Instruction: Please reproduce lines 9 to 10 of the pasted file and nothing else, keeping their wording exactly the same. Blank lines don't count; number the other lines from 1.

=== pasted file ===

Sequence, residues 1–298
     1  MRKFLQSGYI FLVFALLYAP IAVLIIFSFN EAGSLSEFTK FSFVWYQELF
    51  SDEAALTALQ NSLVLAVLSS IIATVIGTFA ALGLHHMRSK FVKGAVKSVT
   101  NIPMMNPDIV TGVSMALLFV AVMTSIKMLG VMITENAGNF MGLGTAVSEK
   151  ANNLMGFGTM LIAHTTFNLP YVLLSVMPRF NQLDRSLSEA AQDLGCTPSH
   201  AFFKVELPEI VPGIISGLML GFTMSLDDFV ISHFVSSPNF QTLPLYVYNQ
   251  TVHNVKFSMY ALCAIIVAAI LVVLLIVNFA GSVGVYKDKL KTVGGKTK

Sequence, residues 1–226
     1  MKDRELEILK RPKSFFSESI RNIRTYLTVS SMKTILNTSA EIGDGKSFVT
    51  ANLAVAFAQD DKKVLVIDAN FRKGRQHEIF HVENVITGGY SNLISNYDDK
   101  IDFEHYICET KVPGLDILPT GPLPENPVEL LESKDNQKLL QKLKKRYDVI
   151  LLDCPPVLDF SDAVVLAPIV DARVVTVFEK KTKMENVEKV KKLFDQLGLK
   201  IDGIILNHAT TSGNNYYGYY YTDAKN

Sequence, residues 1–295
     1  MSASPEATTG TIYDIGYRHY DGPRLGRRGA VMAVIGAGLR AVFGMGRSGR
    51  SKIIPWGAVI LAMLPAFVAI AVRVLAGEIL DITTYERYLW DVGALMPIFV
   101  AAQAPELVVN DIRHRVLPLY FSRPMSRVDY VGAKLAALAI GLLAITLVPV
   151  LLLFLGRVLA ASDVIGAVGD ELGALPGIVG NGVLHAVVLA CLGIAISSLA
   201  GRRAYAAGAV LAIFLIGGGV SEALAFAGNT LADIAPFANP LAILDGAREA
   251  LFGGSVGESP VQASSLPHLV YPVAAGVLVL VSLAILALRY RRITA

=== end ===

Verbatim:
     1  MKDRELEILK RPKSFFSESI RNIRTYLTVS SMKTILNTSA EIGDGKSFVT
    51  ANLAVAFAQD DKKVLVIDAN FRKGRQHEIF HVENVITGGY SNLISNYDDK